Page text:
In slightly under a month, I will be 23 years old. Despite this, I still pretty much exclusively read young adult fiction. The tumultuousness of it all appeals to me, I guess. My obsession with YA, however, began when I was still an actual teenager. I felt like it was time to celebrate some of the books that made me into the obsessive reader I am today.
The Princess Diaries – Meg Cabot
I have been celebrating my love of this book series with my Rereading the Princess Diaries segment. Mia is an anxious nerd who’s bad at maths. She’s also very tall. She has to deal with the awkwardness of her mum’s dating life. This pretty much described my experience as a teenager. I latched on to Mia, and to this day I haven’t let her go.
Angus, Thongs and Full Frontal-Snogging – Louise Rennison
These books are about as ridiculous as they sound. The whole series made me laugh harder than any others ever have. Georgia Nicholson does just about every embarrassing thing you can think of. She shaves off her eyebrows (this was pre Delevinge days, you have to understand. Big eyebrows used to be something we worried about) and fights a continuous battle with her fringe while attempting to make out with pretty much any hot guy she can get her hands on. When I read through my teenage diaries, (a hilarious exercise. I recommend it) it’s 90% about boys. The crucial difference between Georgia and I however, is that she actually managed to date, a feat I did not accomplish in high school. (anxious nerd, remember?)
Forever – Judy Bloom
Surely everybody read this book as a teenager? Forever is about a girl who meets a boy, falls in love, has sex, breaks up and nothing terrible happens. It’s just life. But in a market saturated (at the time) with books in which sex resulted in swift and brutal punishment (pregnancy/death/having to walk around with a big red A on your chest for the rest of your life), this was a pretty revolutionary book.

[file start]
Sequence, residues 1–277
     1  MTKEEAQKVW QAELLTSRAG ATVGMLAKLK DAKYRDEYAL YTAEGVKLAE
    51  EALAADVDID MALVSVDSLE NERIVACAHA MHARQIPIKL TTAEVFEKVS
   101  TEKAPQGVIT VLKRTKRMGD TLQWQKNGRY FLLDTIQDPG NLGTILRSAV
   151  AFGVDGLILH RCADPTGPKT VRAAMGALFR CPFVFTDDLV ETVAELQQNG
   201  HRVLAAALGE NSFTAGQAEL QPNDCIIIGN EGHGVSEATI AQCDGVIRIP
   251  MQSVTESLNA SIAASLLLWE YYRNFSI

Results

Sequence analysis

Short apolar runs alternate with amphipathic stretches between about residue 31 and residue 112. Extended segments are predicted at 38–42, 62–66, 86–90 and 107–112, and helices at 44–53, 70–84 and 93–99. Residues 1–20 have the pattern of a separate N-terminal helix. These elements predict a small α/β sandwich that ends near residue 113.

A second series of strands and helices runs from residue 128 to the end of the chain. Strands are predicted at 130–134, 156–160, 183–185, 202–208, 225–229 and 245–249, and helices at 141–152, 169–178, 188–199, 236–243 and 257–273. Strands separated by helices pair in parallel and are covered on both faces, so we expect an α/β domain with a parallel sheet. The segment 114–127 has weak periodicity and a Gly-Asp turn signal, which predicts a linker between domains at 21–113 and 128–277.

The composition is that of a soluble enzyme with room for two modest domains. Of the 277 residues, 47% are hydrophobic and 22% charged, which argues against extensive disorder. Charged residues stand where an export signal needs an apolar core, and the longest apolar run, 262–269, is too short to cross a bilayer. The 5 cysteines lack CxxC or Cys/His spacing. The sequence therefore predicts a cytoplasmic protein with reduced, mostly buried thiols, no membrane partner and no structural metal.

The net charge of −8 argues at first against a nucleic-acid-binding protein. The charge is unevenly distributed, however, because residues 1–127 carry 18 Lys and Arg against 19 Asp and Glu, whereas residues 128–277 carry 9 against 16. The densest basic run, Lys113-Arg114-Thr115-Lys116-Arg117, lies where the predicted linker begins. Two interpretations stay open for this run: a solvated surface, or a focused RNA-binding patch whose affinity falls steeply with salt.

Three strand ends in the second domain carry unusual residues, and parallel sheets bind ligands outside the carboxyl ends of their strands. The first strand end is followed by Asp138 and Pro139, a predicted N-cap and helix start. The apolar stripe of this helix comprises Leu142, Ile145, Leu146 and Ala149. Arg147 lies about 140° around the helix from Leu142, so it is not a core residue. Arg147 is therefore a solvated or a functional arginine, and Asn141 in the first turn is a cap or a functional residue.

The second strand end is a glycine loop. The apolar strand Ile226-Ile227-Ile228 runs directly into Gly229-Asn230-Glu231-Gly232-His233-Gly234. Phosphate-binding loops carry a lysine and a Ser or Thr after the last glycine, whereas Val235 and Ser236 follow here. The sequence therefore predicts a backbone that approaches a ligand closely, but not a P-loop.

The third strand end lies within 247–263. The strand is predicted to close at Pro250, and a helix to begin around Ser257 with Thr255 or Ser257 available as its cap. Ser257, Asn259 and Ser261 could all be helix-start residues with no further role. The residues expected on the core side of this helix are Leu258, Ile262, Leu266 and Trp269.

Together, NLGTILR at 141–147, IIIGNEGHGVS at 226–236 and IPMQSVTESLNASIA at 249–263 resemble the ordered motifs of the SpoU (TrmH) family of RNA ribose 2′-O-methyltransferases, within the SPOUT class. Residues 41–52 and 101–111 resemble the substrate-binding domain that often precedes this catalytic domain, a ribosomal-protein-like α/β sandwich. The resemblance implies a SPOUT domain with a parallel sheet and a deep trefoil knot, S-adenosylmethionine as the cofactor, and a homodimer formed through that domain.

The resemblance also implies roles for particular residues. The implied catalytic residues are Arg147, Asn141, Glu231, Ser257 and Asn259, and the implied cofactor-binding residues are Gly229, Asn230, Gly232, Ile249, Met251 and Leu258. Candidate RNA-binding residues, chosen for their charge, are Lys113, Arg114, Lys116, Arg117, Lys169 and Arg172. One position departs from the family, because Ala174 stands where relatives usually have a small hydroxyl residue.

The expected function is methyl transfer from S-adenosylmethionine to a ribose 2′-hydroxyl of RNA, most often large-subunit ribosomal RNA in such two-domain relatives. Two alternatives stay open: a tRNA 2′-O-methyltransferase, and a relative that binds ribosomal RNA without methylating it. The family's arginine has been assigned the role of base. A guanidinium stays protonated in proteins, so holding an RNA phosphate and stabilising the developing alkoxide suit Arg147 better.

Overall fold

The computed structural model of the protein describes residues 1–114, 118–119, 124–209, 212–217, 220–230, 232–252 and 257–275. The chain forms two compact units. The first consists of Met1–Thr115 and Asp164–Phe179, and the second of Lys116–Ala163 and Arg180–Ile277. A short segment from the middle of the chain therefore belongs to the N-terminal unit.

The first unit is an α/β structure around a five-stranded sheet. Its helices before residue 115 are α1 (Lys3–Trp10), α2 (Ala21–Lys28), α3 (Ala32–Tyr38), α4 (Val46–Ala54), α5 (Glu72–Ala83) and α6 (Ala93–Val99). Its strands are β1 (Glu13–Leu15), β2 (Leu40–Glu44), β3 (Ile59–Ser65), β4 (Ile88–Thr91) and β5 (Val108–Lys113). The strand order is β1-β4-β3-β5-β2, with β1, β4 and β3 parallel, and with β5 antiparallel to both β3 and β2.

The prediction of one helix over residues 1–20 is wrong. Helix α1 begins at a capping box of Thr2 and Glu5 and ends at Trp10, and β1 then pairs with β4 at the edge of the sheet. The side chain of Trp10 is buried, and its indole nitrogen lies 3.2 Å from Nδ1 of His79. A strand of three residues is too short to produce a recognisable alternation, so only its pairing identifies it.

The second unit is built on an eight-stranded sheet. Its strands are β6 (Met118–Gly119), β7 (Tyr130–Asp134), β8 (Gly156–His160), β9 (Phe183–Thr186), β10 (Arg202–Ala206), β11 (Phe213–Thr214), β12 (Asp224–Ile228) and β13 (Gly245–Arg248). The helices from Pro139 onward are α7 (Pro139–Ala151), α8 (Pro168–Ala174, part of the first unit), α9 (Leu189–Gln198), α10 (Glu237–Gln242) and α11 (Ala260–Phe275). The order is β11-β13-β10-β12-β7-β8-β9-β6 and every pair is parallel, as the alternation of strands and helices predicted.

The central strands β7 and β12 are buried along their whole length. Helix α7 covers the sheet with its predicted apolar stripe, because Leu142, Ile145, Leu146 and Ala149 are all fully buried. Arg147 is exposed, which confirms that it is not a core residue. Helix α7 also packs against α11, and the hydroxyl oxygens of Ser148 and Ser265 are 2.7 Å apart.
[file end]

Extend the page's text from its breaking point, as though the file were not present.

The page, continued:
Looking For Alaska – John Green
Also known as Blowjobs: The Complete Guide. I kid. That’s just one scene.
I became aware of John Green when I was about 15, and I can honestly say his books have changed the way that I read, write and operate as a person. I had never read a book like Looking for Alaska. It’s about love and growing up and grief. It’s about famous last words and the absence of last words. It’s about friendship.
I hope they find a girl as good at being Alaska as Cara Delevinge was at being Margo for the movie.
(Why do I keep talking about Cara Delevinge?)
(Why are you even asking me that?)
I wonder who Nat Wolff will play…
Digression: I resent Nat Wolff. I liked him in TFIOS, and during Paper Towns I decided that he was actually pretty cute. When I got home, I googled him, only to discover he is younger than me. That has never happened to me before. My own relative adulthood was suddenly thrust in my face. I don’t know whether I will ever be able to forgive him. Unfortunately the only person around at the time was my mother, who was not at all sympathetic.
Journey to the River Sea – Eva Ibbotson
It was difficult for me to pick an Iva Ibbotson novel, but I knew I had to include her in this list. I spent a lot of time at our local library as a kid. We did not have much money and it was a place my mum could take my brother and I to hang out for free. They did not have the best children’s section in the world, but what they did have was an almost endless supply of Iva Ibbotson. So many of her novels shaped my reading life from when I was a kid to my teenage years. Journey to the River Sea however, has to be my favourite. Everybody loves a story about a plucky orphan who travels down the amazon. It also had a hint of romance in it. It never went anywhere because everybody was too young, but it used to make me crazy in a good way.